ATLANTA — Novel contraceptives currently being developed include norprogesterone-derived progestins, new barrier methods, and combination spermicides-microbicides, reported Dr. Michelle Fox at a conference on contraceptive technology sponsored by Contemporary Forums.
“We've made a lot of progress in contraception, but we are still far from the ideal,” said Dr. Fox, who is director of family planning at the University of Maryland, Baltimore.
The only contraceptive that Dr. Fox predicted would be approved within the next year is a continuous combined oral contraceptive pill that contains 90 mcg of levonorgestrel and 20 mcg of ethinyl estradiol, to be taken daily.
The product, named Lybrel by Wyeth Pharmaceuticals, has no hormone-free period and has demonstrated favorable bleeding patterns in clinical trials.
In contrast with today's testosterone-based progestins, new progestins under development are being derived from 19-norprogesterone, a compound that is not androgenic and may better inhibit ovulation.
One such norprogesterone-based product is Nestorone, which is being developed by the Population Council. A limitation of Nestorone is its inactivity when delivered orally. Because the compound is readily absorbed through the vaginal mucosa and skin, Nestorone-based combined hormonal vaginal rings and spray-on contraceptives are being developed.
New barrier methods being evaluated include a one-size silicone diaphragm that would not require individual fitting and a female condom that is more comfortable and easier to use.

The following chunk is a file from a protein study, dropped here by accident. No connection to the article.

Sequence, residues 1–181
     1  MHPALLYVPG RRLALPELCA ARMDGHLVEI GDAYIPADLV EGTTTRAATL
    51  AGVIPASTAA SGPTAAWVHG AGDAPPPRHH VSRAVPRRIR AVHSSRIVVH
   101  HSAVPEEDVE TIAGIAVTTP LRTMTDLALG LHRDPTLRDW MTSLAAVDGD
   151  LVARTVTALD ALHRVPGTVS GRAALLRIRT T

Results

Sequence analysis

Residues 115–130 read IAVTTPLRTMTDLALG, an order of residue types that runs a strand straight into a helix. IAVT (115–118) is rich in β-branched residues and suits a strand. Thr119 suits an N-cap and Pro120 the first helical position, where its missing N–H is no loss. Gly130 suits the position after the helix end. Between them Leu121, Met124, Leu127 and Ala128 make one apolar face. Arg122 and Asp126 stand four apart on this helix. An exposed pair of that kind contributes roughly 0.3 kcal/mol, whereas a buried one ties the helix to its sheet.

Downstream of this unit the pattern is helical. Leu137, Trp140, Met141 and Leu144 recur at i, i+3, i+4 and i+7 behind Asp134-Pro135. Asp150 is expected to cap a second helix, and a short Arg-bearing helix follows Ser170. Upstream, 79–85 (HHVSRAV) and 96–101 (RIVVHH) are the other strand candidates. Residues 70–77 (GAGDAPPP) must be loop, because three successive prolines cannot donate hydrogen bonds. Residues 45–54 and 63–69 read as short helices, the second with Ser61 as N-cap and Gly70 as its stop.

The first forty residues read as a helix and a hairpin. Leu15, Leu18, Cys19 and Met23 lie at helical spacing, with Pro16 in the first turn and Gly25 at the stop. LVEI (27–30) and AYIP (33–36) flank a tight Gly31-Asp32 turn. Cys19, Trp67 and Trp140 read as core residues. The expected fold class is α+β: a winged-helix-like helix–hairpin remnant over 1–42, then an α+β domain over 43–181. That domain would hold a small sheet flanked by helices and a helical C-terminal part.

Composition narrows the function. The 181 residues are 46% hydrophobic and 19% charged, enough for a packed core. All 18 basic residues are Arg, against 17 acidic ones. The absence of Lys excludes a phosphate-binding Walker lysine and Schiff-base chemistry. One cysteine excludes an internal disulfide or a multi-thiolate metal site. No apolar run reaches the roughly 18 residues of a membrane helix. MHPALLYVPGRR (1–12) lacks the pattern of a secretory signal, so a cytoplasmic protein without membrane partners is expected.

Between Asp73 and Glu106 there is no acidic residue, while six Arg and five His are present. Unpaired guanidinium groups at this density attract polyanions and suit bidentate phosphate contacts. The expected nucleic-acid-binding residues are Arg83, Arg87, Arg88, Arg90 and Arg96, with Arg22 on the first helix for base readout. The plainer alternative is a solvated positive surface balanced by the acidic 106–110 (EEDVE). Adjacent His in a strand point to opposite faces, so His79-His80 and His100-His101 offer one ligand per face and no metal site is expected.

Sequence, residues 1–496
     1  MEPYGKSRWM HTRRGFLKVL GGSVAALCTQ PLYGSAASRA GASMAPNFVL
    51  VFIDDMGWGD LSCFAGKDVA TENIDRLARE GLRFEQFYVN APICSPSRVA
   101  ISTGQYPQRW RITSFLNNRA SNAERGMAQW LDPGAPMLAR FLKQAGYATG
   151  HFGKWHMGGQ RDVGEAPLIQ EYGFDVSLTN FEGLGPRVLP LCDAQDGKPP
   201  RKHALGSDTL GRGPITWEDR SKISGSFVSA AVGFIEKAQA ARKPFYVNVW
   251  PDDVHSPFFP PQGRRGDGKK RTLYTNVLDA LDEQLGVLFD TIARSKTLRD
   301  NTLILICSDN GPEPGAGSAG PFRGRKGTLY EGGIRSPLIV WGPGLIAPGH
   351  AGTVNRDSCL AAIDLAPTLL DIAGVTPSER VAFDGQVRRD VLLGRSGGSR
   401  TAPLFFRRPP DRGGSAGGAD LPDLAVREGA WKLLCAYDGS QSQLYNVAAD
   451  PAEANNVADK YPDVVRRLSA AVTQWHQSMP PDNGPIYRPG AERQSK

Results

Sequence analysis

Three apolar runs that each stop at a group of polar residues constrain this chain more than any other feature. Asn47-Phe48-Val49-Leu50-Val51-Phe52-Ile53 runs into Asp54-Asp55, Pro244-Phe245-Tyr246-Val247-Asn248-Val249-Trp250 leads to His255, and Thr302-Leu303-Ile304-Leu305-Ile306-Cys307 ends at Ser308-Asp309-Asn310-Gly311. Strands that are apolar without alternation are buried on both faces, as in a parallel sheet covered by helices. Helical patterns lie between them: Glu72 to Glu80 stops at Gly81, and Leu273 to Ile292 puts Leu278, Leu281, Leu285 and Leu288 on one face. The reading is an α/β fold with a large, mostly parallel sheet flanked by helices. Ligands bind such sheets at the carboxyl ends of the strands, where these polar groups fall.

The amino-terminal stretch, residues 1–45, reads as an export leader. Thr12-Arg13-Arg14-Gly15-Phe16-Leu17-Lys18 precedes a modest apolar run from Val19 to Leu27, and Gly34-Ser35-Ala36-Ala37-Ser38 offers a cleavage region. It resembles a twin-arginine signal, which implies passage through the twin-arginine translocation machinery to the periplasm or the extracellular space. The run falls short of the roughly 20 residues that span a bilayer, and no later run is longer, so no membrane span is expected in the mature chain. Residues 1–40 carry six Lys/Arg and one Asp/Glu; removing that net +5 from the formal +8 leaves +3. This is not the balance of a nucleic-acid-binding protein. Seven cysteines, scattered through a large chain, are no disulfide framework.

A hot topic of research is the quest to develop a spermicide alternative to nonoxynol-9. Currently, all spermicidal products in the United States contain nonoxynol-9. While the compound is considered safe for most users, it is a detergent that disrupts epithelial surfaces. A recent study suggested that frequent use of nonoxynol-9 by sex workers could increase the risk of HIV transmission in high-risk women.
Several buffer-based spermicides are currently under development. These compounds inhibit sperm by maintaining the acidic environment of the vagina.
They have also been shown to inhibit multiple sexually transmitted infections in animal models.
One product, Acidform, forms a protective bioadhesive coating over the cervix and vagina. A 2004 study showed that Acidform can be applied up to 10 hours before anticipated intercourse.
Finally, a new surfactant product has demonstrated less irritation than nonoxynol-9 and has potent activity against both sperm and a range of pathogens in vitro. The contraceptive efficacy of the product is currently being evaluated in a phase III trial.